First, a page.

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vire/q_example.js

Forked from jeffcogswell/q_example.js
Last active Aug 29, 2015
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What would you like to do?
// Q sample by Jeff Cogswell
/*===========
We want to call these three functions in sequence, one after the other:
First we want to call one, which initiates an ajax call. Once that
ajax call is complete, we want to call two. Once two's ajax call is
complete, we want to call three.
BUT, we don't want to just call our three functions in sequence, as this quick
demo will show. Look at this sample function and think about what order
the console.log calls will happen:
===========*/
function demo() {
$.ajax( {
url: '/',
success: function() {
console.log('AJAX FINISHED');
}
});
}
console.log('Calling demo');
demo();
console.log('Finished calling demo');
/*====
The function returns almost immediately, before the ajax call is complete.
That means we will likely see 'Finished calling demo' before we see the
results of the ajax call:
====*/
//Calling demo
//Finished calling demo
//AJAX FINISHED
/*====
If we want to chain a following function, when do we call it?
We call it from inside the success function:
====*/
function demo() {
$.ajax( {
url: '/',
success: function() {
console.log('AJAX FINISHED');
// >>>> THIS IS WHEN you would call another function <<<<<
}
});
}
/* ==============
Now let's try using q.
=============*/
function one() {
var deferred = Q.defer(); // Don't worry yet what this is
// until after you understand the flow
console.log("Starting one's ajax");
$.ajax( {
url: '/',
success: function() {
// Here's where you want to call the next function in the
// list if there is one. To do it, call deferred.resolve()
console.log('Finished with one. Ready to call next.');
deferred.resolve();
}
});
// The deferred object has a "promise" member,
// which has a "then" function
return deferred.promise;
}
function two() {
var deferred = Q.defer();
console.log("Starting two's ajax");
$.ajax( {
url: '/',
success: function() {
// Again, this is where you want to call the next function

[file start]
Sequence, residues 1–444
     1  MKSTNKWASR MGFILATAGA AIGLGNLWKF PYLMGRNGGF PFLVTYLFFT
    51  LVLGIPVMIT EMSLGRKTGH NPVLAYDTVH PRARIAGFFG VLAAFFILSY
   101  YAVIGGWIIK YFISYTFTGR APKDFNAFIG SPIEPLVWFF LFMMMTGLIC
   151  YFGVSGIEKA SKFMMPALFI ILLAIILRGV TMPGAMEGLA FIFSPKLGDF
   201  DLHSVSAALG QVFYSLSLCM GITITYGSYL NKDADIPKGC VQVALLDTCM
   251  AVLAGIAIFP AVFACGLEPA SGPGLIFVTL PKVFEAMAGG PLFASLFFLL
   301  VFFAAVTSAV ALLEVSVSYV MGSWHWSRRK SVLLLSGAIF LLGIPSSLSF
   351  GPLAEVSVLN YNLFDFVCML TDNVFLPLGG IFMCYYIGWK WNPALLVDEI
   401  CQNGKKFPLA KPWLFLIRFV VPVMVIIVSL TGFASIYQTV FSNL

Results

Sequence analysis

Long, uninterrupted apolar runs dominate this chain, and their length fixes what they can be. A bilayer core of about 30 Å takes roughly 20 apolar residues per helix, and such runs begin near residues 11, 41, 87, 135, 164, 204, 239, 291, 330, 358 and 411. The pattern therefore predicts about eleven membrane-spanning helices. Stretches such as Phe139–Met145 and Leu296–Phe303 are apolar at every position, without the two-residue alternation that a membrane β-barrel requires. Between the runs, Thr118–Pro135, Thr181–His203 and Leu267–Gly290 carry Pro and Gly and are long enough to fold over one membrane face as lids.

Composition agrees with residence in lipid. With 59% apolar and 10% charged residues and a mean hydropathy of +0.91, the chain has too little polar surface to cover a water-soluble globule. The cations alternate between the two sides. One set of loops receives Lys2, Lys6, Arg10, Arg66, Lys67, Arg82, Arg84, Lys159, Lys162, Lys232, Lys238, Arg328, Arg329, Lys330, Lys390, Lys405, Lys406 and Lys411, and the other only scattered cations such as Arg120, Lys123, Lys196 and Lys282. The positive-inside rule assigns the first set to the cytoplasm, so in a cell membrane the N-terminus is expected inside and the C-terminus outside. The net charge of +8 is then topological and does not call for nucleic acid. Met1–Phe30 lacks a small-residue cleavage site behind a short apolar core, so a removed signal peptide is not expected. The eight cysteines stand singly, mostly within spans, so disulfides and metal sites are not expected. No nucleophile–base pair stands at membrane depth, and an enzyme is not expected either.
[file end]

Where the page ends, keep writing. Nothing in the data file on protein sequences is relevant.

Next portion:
// in the list if there is one.
console.log('Finished with two. Ready to call next.');
deferred.resolve();
}
});
// The deferred object has a "promise" member,
// which has a "then" function
return deferred.promise;
}
function three() {
var deferred = Q.defer();
console.log("Starting three's ajax");
$.ajax( {
url: '/',
success: function() {
// Again, this is where you want to call the next function
// in the list if there is one.
console.log('Finished with three. Ready to call next if there is one.');
deferred.resolve();
}
});
// The deferred object has a "promise" member, which has a "then" function
return deferred.promise;
}
// Test it out. Call the first. Pass the functions
// (without calling them, so no parentheses) into the then calls.
one()
.then(two)
.then(three);
/* =====
Think about where the "then" function comes from. Each function
creates a new defer instance and returns that object's promise
member. That promise object has a "then" function. On return
from the first function, you get back a defer function, and
call the "then" function, passing the *next* function that is
to be called. Internally, Q stores that function. When your
ajax call returns, in your "success" function, you call the
next function by calling deferred.resolve().
======*/
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